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Outcomes research

Patients’ experience of clinical trials – a doctor’s perspective

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Below is a perspective on the patients’ experience of clinical trials based on conversations with Tetsuo Ashizawa, MD, the Harriet and Joe B. Foster Distinguished Chair in Neurosciences and professor in the Stanley H. Appel Department of Neurology at Houston Methodist. Ashizawa has performed laboratory and clinical research on several neurogenetic disorders, including hereditary cerebellar ataxias, multiple system atrophy, cerebellar type Friedreich’s ataxia, myotonic dystrophy, Facioscapulohumeral muscular dystrophy, limb girdle muscular dystrophy, Huntington’s disease and Fragile X associated tremor ataxia syndrome during his 40-year academic career. Furthermore, Ashizawa has participated in more than 20 clinical trials (which include symptomatic trials) over the last 20 years.
Physicians, researchers and hospital administrators need to be aware of the patients’ perspective of clinical trials, how they view the clinical trials, what their concerns are and the legal issues and discriminations that they may face based on their genetic information. There are many sorts of legal issues that pose as a source of confusion and complication. In the United States, the Health Insurance Portability and Accountability Act of 1996 (HIPAA) was enacted to protect personal health information. When the genetic information of a patient, such as a patient suffering from spinocerebellar ataxia is available, insurance companies can use this information to discriminate against the patient. Currently, the Genetic Information Non-discrimination Act (GINA) prohibits discrimination against patients only with respect to health insurance and employment. However, GINA does not protect patients from discrimination from disability, life, and other types of insurance – which is one of GINA’s shortcomings. Hence, the patients’ interest is not fully protected, which is a significant challenge.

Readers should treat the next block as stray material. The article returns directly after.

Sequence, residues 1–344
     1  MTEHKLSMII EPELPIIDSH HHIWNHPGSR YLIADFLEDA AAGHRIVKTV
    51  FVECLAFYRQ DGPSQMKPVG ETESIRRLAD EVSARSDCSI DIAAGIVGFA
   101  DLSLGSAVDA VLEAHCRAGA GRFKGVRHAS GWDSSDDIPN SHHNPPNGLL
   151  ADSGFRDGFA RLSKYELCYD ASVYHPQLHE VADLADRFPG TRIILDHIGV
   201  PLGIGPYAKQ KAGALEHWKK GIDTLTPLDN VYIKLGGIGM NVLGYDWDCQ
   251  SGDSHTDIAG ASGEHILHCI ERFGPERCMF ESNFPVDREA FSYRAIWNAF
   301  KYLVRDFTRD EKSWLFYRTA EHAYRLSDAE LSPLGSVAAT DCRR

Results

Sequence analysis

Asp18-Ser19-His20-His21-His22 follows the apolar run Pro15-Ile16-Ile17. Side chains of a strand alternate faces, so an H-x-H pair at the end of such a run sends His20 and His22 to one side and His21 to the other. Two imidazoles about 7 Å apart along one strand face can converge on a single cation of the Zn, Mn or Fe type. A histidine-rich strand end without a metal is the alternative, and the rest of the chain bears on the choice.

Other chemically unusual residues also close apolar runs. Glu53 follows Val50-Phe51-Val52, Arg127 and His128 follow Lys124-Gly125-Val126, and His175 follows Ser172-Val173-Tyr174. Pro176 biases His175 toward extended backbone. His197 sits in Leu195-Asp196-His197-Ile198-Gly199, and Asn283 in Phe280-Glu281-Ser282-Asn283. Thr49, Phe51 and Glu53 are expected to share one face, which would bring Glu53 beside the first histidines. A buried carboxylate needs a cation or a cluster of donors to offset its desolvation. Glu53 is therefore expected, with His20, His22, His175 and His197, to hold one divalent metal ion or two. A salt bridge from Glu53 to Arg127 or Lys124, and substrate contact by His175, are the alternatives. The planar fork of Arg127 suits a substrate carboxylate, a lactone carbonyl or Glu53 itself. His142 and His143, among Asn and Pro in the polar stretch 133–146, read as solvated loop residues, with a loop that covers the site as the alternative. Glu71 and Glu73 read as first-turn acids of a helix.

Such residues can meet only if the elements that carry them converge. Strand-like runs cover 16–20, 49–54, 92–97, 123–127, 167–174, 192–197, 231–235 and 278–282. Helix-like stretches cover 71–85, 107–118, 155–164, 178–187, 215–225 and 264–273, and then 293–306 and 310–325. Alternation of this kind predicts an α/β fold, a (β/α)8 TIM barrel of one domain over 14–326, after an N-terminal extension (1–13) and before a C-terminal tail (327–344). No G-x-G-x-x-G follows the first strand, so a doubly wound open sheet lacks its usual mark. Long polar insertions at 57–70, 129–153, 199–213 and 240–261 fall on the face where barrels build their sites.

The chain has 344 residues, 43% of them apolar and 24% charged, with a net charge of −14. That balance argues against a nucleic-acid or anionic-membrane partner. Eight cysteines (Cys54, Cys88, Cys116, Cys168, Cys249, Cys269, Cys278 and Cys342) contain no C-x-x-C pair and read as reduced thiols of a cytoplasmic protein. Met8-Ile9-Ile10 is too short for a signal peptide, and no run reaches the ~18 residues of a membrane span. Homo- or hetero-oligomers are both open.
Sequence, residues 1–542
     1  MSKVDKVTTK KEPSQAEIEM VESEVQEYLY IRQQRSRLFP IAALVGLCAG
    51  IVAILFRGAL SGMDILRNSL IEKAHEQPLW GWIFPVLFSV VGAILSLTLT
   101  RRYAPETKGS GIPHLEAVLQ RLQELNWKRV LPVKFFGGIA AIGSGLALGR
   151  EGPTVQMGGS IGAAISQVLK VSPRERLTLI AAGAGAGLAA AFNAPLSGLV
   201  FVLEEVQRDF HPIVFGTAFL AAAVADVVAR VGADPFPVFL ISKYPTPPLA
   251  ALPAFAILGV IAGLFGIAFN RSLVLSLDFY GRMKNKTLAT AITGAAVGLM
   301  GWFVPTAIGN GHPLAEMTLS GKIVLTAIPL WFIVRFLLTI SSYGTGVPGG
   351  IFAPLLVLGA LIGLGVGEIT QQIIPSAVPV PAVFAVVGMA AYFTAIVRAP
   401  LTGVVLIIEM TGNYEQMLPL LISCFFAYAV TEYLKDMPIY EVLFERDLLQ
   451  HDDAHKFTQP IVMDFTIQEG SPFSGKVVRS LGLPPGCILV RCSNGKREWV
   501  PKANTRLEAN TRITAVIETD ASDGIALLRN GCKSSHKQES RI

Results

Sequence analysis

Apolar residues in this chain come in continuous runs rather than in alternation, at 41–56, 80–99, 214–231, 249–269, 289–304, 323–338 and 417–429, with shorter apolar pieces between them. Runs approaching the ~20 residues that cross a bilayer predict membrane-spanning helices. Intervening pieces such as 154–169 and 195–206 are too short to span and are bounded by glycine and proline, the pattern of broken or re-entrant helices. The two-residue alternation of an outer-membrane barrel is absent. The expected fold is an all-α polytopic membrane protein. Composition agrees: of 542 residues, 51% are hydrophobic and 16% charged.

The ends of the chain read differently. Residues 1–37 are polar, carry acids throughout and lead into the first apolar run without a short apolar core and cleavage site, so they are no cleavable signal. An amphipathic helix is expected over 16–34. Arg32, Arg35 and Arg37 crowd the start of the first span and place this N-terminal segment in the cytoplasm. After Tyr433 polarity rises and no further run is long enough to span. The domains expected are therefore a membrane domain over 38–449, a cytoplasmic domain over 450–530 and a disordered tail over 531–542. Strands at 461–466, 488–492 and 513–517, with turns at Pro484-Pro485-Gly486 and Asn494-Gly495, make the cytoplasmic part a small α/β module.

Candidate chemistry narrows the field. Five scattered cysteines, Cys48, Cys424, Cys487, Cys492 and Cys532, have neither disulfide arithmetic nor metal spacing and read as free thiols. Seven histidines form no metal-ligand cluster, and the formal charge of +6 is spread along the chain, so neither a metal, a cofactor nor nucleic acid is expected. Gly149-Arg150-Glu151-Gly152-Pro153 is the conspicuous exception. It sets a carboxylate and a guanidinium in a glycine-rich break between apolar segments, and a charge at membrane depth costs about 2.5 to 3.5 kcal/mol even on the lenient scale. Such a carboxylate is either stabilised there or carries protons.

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Tetsuo Ashizawa, MD Professor of neurology at Houston Methodist
Moreover, many patients and at-risk relatives suffer from psychological issues such as the fear of knowing their genetic status. According to Ashizawa, “Not everybody wants to know their own death-bed scene on a crystal ball. There is enormous fear around genetic testing. Many times, a patient when facing the proposition of genetic testing begins to wonder if they are going to be like their brother or father, especially when there is precedence of genetic disease in the family.”  On a positive note, the fear of genetic testing can be a source of motivation for patients to participate in clinical trials because these potentially enhance their likelihood of survival. The typical attitude of patients towards clinical trials varies. Some are quite averse and initially opposed to the idea . However, once they begin to see symptoms, they might change their mind and decide to participate in the clinical trials. On the other hand, there are individuals from organizations such as patient support groups who are highly supportive of clinical trials and eager participants.